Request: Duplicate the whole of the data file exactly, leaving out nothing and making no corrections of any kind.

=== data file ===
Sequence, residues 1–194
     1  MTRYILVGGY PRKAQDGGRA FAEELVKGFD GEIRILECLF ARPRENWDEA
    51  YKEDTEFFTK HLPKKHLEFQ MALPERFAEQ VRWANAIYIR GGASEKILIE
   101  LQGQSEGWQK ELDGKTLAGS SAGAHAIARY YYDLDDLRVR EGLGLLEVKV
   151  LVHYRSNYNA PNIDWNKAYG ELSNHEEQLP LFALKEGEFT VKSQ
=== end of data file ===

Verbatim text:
Sequence, residues 1–194
     1  MTRYILVGGY PRKAQDGGRA FAEELVKGFD GEIRILECLF ARPRENWDEA
    51  YKEDTEFFTK HLPKKHLEFQ MALPERFAEQ VRWANAIYIR GGASEKILIE
   101  LQGQSEGWQK ELDGKTLAGS SAGAHAIARY YYDLDDLRVR EGLGLLEVKV
   151  LVHYRSNYNA PNIDWNKAYG ELSNHEEQLP LFALKEGEFT VKSQ